Ask the Experts: Reporting Payroll for WC Coverage

Do I need to be accurate when reporting payroll for Workers’ Compensation coverage?

It is very important that you be as accurate as possible. As you may know, workers’ compensation contributions are based on the job duties and payroll of those covered. Reporting payroll inaccurately could lead to big trouble later. Below are a few common scenarios where misreporting your payroll could cause big headaches:

Scenario 1:

At renewal, your district had previously employed eight workers classified in Waterworks Operations for a total payroll of $750,000. Your adopted budget for next year includes nine employees for a total payroll of $800,000, and that’s what you indicate at renewal.

But what if the new employee isn’t in Waterworks Operations? That class code, which is 7520, is assumed to be someone who works in the physically demanding roles of water plant operations, installation, repair and maintenance of water mains and pipes. But what if this new person is a customer service representative with a clerical job? Coverage for them would be rated considerably cheaper than the water operators. The rating difference could translate into hundreds or even thousands of dollars of savings.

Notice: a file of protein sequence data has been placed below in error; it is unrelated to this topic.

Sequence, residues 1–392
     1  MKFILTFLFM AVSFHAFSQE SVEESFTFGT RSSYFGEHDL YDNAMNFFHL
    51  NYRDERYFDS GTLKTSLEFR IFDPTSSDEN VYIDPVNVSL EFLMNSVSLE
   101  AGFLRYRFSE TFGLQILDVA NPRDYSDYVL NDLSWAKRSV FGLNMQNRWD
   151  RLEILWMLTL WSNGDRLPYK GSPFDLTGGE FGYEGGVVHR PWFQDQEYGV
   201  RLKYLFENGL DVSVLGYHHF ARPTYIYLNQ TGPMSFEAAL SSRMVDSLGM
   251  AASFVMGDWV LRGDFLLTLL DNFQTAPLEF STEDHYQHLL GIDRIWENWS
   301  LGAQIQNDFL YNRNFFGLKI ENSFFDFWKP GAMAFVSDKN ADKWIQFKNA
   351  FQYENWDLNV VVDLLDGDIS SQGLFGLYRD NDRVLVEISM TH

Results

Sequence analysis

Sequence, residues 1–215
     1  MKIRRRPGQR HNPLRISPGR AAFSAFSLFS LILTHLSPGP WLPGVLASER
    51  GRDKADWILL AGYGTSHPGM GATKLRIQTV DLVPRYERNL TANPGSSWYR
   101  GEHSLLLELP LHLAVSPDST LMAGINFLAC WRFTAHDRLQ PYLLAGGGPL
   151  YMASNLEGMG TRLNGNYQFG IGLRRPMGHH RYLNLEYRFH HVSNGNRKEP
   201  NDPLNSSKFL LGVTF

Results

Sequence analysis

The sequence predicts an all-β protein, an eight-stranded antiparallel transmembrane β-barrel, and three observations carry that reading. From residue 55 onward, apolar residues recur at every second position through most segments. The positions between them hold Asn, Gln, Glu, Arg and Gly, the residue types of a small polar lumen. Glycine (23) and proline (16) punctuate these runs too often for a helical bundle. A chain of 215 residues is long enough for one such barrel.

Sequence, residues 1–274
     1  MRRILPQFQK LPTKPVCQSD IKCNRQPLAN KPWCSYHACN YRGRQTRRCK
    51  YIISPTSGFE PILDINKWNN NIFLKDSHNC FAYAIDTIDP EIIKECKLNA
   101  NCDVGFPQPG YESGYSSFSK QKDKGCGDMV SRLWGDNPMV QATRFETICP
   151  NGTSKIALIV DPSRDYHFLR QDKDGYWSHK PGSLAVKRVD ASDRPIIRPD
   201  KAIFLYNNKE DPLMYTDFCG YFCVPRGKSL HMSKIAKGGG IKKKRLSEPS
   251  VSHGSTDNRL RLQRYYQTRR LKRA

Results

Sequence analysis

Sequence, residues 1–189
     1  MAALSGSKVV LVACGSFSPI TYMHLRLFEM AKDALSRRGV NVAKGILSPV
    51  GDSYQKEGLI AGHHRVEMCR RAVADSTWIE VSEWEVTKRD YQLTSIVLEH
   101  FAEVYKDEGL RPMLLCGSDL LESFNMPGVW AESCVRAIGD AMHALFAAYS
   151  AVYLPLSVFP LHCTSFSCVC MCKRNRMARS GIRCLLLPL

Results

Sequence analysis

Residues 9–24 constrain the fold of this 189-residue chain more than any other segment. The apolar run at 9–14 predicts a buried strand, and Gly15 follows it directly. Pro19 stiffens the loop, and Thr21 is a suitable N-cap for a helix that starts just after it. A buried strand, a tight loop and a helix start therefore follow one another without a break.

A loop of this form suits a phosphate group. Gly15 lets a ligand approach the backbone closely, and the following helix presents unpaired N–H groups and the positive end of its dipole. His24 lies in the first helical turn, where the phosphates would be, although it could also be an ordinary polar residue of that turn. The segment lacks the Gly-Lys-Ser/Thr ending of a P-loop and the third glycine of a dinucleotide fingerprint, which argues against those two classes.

Scenario 2:

Your district received new funding and grew substantially last year by adding ten full-time firefighters. Unfortunately, no one reported the addition until the yearend audit. The result was a sudden $20,000 increase in contribution to cover the new firefighters. That amount wasn’t budgeted, and the district is now scrambling to pay. Had the addition been communicated earlier, a reasonable installment plan could have been used to help ease cash flow concerns.

The Hard Truth

Underreporting payroll is a common issue for workers’ compensation carriers like the Pool. Clients may underreport actual payroll in error, or do so sometimes deliberately to reduce their workers’ compensation cost. However doing so intentionally could result in court-imposed financial penalties.

Per NCCI administrative rules, workers’ compensation payroll information is audited annually. Workers’ compensation providers are also allowed to audit this information going back three years. Noncompliance may even result in costly and time-consuming physical audits. Accurate payroll reporting plays a crucial role in fair rate making for all employers in Colorado.

Are you confident that the payroll reported to us is still accurate? Here are some tips:

  1. Always report gross wages and salaries at renewal
  2. Promptly report payroll changes when there’s a material change in staffing structure
  3. Bonus, vacation, sick, and overtime pay must be included
  4. Value of meals, lodging/rental, and gift certificates provided to employees are considered payroll and must be reported
  5. Exclude severance pay and district’s contributions to group life, health, dental, and retirement plans

If you need more information about payroll reporting, feel free to contact us for additional guidance.

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